“Have a blessed day”–What does it mean?

A voicemail greeting I heard recently ended with, “Have a blessed day.” I found myself feeling both comforted and uncomfortable: comforted because of the well wishes, and uncomfortable because of the words’ challenge to my religious beliefs.  What does it even mean to have a blessed day?  Is “blessed” just one of those words that means “good” or “great”?  Or is it strictly religious?  In the case of this particular voicemail greeting, I know it’s religious, because I know that the woman saying it is a fundamentalist Christian.

As a Catholic growing up, I saw blessings thrown around like confetti at a parade.  At Mass (for me, six days a week), chances are you’d have been blessed at least a few times.  At Confession (in my case, every week), we would recite, “Bless me Father for I have sinned.  It has been one week since my last confession.”  Nearest I could figure, imparting a blessing onto someone meant giving them a shot of the Holy Spirit.  Or at least making the thing being blessed a little holier.

Holy water was water that had been blessed.  Reminds me of the scene in the movie The Exorcist when the priest sprinkles tap water on the possessed girl and she reacts as though the water were blessed.  Holy water was somehow very special.

But I was getting blessed a LOT and I wasn’t getting any holier.  Far from it.  Receiving so many blessings just served to remind me of how sinful I was, and only made me feel guiltier.  They could have dumped me into a bath of holy water and it wouldn’t have washed my soul clean of the sinfulness I felt in that Church.

The superlative adjective describing your day depends on the culture of the well-wisher.  An entrepreneur might say, “Have a profitable day.”  A sailor might say, “May the wind be at your back.”  A fellow teacher will often say, “Have a good class.”  So it’s not so strange that a Christian would say, “Have a blessed day.”  But what does it mean?

The power to bless is reserved to God and to the religious hierarchy.  In the Catholic Church, the priest has the power to bless, and above him the bishop and so on.  It is presumptuous for a mere mortal such as myself to believe that I can bless anything.  Except possibly when someone sneezes and you say, “Bless you.”  Why not just say, “May God bless your day!”, since all blessings must ultimately come from God anyway?

To bless means to make holy.  But to have a “blessed day”?  Does that mean that the day will be holy?  Or does it mean that, because of God’s influence, the day will be extra special, unlike any day before or since?  Do we demean God’s blessing by wishing it upon every day?

I’m not trying to be disrespectful.  Really!  I’m just trying to get at the truth.  And I don’t wish to appear ungrateful for someone’s wish for me to have a blessed day.  I’m sure that her wish is sincere.  But would she wish me a blessed day if she knew that I’m an atheist?  Would her language or attitude toward me change?  Would an entrepreneur wish you a profitable day if he knew that you don’t believe in or value Profit?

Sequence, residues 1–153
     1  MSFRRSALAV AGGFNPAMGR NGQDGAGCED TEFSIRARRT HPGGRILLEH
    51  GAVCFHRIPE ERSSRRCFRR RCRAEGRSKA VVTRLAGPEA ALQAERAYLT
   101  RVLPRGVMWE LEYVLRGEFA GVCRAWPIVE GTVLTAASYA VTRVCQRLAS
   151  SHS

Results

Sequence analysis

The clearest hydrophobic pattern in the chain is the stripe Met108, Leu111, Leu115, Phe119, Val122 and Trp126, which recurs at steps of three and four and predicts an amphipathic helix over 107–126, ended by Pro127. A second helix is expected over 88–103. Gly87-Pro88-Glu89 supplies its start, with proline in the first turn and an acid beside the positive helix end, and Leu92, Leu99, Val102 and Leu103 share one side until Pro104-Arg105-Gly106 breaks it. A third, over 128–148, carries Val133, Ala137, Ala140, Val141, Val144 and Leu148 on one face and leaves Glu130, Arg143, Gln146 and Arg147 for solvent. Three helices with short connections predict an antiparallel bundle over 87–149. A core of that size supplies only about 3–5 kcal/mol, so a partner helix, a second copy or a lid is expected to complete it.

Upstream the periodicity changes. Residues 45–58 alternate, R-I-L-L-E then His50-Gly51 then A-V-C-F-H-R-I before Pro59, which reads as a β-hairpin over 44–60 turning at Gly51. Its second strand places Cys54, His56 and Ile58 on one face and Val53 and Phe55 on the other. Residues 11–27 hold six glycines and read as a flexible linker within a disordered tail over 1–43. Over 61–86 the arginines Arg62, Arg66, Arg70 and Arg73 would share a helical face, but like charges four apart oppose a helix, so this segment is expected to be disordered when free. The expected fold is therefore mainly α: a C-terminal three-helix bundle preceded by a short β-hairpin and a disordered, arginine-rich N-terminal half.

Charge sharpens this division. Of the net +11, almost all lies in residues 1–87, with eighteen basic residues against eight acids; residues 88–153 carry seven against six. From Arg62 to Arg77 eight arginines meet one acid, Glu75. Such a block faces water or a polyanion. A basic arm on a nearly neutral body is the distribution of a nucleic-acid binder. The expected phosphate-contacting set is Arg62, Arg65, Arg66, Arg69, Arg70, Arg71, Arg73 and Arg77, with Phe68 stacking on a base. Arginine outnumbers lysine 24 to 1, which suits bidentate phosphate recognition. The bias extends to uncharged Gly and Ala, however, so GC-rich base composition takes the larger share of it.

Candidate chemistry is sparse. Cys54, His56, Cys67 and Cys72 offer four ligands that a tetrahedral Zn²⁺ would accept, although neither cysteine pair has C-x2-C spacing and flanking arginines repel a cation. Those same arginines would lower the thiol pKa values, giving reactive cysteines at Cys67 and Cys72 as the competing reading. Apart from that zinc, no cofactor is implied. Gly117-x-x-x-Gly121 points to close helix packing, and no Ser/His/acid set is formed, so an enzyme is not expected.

Maybe but I doubt it.  The entrepreneur would recoil in horror, unable to believe that someone doesn’t believe as he believes.  And after a perfunctory attempt to convince the other person of his error, the entrepreneur would wander off, probably never to talk to that person again.

3 thoughts on ““Have a blessed day”–What does it mean?

  1. It is written: Let love be genuine. Abhor what is evil; hold fast to what is good. Love one another with brotherly affection. Outdo one another in showing honor. Do not be slothful in zeal, be fervent in spirit, serve the Lord. Rejoice in hope, be patient in tribulation, be constant in prayer. Contribute to the needs of the saints and seek to show hospitality. Bless those who persecute you; bless and do not curse them. Rejoice with those who rejoice, weep with those who weep. Live in harmony with one another. Do not be haughty, but associate with the lowly. Never be wise in your own sight. -Romans 12:9-16

    Jesus specifically indicates that the **reader of this passage** – whosoever he is, whether in a church hierarchy or not – has the authority to bless. It is NOT reserved to priests, bishops, etc.; but people do it every day when they say things like “you’re a good worker” or “I believe you’ll do great things.”

    Simply put, to bless someone is to speak words that encourage or help or increase them in some fashion. On the contrary, to curse is to speak evil words about a person or thing. The reader is called to speak life-giving words even if the same reader has not been treated well.

    That being said, some people may say things like “have a blessed day” because they desire to bless the hearer, but don’t know how to do so.

    I hope this is helpful.

  2. That’s quite a web. I believe we all speak too much. Especially myself. Less is more in life.

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